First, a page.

The Eastern New Mexico News - Serving Clovis, Portales and the Surrounding Communities

Portales board discusses next steps

Board members admit most decisions already made by state.


March 15, 2020

Kevin Wilson

At the center is one of seven electrostatic disinfecting sprayers the district has on hand. Maintenance Director Nat Gomez said with the sprayer a worker disinfected the entire administrative building in 20 minutes.

PORTALES - When the Portales Municipal Schools Board of Education first announced Monday morning's emergency meeting on the COVID-19 pandemic late last week, members readied for a planning session.

The meeting itself, however, was more of an information session because, in the words of board president Alan Garrett, "Most of those decisions have been made for us."

Board members, and the crowd of just under 50 attending the morning meeting on the first day of a three-week state-mandated school closure, took no issues with Superintendent Johnnie Cain's two-page letter of directives for the district over the next few weeks.

Some audience members asked about extracurricular activities and events that might follow a planned April 6 re-opening, and frequently found uncertainty against the backdrop of how simple public interaction changed in just five days.

Throughout the meeting, Cain said the district would explore ways to recreate those experiences to students in some way when possible, because the kids had worked hard for the opportunities the closure had at least temporarily eliminated.

The district is operating under a state health department guideline banning gatherings of 100 or more people, and the Centers for Disease Control issued a recommendation to postpone or cancel any event of more than 50 people until May 10.

Communication would largely happen through existing online communication portals, with officials reporting email open rates of nearly 90% in the last week. The average for most industries is around one-third of that.

Items discussed included:

• Meal service: Cain said meal pickup would take place at Portales High School (east cafeteria door) and Lindsey-Steiner Elementary (west cafeteria door) 9 a.m.-10:30 a.m. weekdays. Breakfast and lunch are provided at the same time.

Cain said anybody under 18 can pick up the meals, and he wasn't concerned about whether the kids attended another Roosevelt County school since half of those students live in Portales and a trip to their school would cancel out any benefit of free meals.

Schools were told to require children to pick up the meals in person, but Cain said he'd trust parents because he feared the logistics of requiring a kindergarten student to get their own lunch.

"We'll look at numbers instead of worrying about names," Cain said.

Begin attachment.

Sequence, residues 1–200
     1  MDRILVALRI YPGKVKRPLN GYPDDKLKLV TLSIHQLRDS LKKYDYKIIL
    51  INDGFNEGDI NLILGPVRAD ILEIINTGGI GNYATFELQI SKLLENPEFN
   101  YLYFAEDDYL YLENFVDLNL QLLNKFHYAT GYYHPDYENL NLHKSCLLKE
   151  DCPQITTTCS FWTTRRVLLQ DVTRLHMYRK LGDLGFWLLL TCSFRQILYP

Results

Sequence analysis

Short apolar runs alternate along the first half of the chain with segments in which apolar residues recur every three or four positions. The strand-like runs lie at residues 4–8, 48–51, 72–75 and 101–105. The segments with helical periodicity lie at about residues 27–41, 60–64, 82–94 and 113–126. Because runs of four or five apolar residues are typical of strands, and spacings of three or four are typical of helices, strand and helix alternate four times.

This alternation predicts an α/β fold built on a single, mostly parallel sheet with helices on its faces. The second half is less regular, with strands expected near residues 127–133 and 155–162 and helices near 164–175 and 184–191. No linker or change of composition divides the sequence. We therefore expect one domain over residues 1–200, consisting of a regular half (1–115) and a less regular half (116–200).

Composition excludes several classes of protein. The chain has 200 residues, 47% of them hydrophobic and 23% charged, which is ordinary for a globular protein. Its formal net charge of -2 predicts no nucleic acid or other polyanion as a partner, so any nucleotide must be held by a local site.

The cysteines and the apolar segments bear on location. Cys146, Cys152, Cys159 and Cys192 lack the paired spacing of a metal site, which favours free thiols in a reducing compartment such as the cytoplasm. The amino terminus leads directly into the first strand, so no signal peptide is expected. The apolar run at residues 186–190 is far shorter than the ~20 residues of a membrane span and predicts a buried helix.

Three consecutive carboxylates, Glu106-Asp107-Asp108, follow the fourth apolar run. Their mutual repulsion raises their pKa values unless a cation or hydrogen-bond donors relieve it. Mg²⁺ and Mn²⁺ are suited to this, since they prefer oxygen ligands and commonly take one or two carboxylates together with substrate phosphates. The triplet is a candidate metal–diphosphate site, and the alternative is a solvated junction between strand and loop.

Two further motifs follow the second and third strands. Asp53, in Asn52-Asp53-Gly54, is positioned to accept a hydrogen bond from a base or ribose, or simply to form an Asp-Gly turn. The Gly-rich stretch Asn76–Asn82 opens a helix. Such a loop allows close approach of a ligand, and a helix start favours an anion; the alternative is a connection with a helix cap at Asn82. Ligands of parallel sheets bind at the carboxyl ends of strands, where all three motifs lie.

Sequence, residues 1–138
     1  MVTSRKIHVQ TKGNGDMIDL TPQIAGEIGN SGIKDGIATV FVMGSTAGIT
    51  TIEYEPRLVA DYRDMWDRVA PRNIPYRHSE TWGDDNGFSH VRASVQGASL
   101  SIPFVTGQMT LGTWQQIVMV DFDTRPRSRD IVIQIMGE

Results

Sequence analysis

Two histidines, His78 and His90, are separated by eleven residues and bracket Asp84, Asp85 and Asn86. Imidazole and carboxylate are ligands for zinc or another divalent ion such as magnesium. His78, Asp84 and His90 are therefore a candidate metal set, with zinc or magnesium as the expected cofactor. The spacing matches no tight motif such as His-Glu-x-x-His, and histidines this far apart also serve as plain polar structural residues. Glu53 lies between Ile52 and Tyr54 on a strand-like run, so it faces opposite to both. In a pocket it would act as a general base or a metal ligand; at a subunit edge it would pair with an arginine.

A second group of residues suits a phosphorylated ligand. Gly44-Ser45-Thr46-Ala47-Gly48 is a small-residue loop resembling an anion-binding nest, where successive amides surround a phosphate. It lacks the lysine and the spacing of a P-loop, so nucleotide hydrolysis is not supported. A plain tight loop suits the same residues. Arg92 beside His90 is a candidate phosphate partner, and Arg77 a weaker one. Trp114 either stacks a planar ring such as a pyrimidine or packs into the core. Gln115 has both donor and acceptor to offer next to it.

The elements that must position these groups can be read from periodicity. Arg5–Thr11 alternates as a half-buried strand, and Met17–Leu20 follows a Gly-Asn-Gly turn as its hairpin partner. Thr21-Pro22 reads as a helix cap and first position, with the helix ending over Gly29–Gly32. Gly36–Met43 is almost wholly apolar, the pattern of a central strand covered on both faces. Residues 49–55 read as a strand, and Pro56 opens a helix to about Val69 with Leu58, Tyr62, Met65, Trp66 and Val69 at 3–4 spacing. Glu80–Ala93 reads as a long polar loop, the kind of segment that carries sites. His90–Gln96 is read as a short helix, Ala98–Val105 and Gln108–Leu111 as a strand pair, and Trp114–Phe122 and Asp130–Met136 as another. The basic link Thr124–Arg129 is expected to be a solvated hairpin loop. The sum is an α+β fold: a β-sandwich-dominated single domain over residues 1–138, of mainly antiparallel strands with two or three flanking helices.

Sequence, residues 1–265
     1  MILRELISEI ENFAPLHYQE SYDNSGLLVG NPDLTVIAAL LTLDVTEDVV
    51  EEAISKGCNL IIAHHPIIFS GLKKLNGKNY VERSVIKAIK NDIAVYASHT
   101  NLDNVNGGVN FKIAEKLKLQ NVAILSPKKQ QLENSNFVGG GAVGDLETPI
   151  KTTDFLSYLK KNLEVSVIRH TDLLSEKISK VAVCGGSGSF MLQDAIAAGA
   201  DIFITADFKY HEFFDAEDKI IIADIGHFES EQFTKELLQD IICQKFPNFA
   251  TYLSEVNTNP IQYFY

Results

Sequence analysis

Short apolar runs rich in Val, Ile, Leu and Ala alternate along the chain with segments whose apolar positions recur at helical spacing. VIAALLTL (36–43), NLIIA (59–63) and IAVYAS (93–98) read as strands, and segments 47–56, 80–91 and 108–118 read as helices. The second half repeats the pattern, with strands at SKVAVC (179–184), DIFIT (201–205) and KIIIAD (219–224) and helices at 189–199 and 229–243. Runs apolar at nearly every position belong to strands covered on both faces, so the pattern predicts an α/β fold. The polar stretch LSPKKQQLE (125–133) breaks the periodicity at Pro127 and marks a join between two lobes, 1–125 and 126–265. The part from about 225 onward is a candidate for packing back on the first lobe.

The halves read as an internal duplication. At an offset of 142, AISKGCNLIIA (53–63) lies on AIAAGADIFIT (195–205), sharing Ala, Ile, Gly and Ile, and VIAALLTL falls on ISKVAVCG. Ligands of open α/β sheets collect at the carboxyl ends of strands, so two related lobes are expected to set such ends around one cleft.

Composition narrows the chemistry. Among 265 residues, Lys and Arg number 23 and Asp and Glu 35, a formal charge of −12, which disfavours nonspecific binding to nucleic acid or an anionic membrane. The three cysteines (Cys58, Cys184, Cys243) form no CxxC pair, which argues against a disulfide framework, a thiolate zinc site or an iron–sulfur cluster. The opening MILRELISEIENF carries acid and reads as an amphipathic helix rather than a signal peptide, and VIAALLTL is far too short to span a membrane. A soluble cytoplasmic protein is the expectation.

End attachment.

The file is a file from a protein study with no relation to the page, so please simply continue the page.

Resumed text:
Employees were to be paid as normal during the closure, with direct deposits and check pickups scheduled for March 30.

• School cleaning: Outgoing Maintenance Director Nat Gomez had a special guest at the meeting, a Clorox Total 360 electrostatic sprayer.

The district has acquired seven of the sprayers since they were introduced three years ago. The sprayers give the maintenance staff the ability to sanitize 18,000 square feet in an hour, and the administration building was sanitized prior to the meeting in roughly 20 minutes.

"We're in as good of a position as we can be," Gomez said, "not knowing months ago everybody was going to be struggling through a pandemic like this."

• Athletics: Athletic Director Mark Gallegos said coaches were allowed to send out optional workouts to players just to keep them in shape, but facilities would be closed and practices were banned during the closure.

The New Mexico Activities Association board of directors has planned an April 1 meeting to discuss the next steps, and there was no way to know what decisions would be made or even available. A track meet scheduled for April 9 at Eastern New Mexico University is assumed to be postponed if not canceled.

• Day care: The day care facility at Portales High would remain open, with no other facilities planned. Principal Arturo Ontiveros said no kids were brought to the faciilty Monday morning.

• Online instruction: Cain said neither the district nor the population at large has the infrastructure to convert all instruction to an online format, but current online instruction will stay in place.

"For all intents and purposes the online program is continuing as normal," Online School Administrator Garrick Matthews said, "other than us not meeting up at the high school."

Dual credit courses would continue as scheduled, with students asked to be in contact with their college instructors.

• If an employee tests positive: Cain said anybody who tests positive would have a two-week quarantine. If it happens during the closure period, he didn't anticipate an issue. Should that happen after schools reopen, he wasn't against allowing negative sick day balances if needed.

"It's not their fault," Cain said. "It will create some issues in the office, but I think we can handle that."

Board member Inez Rodriguez said anybody with concerns should contact the board. She was optimistic because the community had a history of coming together, and urged everybody to keep an open mind but use common sense.

"If it happens to one, it happens to all," Rodriguez said. "If there was ever a time I hated Facebook, it's now."


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